The inside of the Mazda 2 is relatively spartan compared to its competition. It does lack quite a few features that some of its competition has standard, such as cruise control, but for 2013, Mazda does add a USB port, although Bluetooth is an option, which was installed in this vehicle. To make up for its lack of features though, the materials Mazda has used for the interior are top notch. All of the materials, from the cloth on the seats to the plastics covering the dash, had a pleasantly soft and high quality feel to it. The center stack is simple and clean, and the car just has an overall pleasant feel to it, funky cloth pattern and all.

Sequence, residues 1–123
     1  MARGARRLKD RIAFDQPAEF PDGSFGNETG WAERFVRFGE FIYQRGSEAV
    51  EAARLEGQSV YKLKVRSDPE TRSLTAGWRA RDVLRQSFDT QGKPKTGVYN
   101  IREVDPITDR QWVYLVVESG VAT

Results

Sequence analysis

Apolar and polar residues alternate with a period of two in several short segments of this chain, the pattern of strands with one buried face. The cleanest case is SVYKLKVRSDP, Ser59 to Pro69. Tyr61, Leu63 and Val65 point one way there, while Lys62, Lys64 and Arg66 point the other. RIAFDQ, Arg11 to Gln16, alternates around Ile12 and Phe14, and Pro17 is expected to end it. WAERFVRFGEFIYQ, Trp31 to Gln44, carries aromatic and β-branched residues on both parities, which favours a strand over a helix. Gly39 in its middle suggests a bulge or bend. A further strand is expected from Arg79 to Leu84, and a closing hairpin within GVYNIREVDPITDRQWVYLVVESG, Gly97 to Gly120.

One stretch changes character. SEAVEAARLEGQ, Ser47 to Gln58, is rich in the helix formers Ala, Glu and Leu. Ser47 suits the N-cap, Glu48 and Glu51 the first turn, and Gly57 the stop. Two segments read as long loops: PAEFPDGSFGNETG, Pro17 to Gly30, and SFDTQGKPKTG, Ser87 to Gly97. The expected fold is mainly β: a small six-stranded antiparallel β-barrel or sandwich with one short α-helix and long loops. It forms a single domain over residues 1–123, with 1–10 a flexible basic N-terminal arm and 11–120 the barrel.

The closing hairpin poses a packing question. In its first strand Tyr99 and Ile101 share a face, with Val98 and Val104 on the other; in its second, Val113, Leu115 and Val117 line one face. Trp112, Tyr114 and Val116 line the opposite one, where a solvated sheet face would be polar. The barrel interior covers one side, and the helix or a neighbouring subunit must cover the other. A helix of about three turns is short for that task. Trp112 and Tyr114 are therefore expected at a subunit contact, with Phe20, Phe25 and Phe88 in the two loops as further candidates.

The Mazda2's engine is really nothing to write home about. It is a small 1.5 liter inline-4 making 100 horsepower and "whopping" 98 lb./ft. of torque. Power is transferred to the front wheels via an ancient four-speed automatic transmission. Honestly, this powertrain set up would only be capable of going fast being pushed off of a cliff. Even though it has a pretty nice sounding intake snarl, the Mazda2 feels incredibly slow. The slow shifting four-speed automatic certainly does not help things either, with downshifts bordering on being downright glacial and a bit clunky. The only positive I can think of regarding the powertrain is its decent fuel economy (29 city/35 highway), and even that is not all that impressive considering all of its competition makes more power and gets similar or better figures.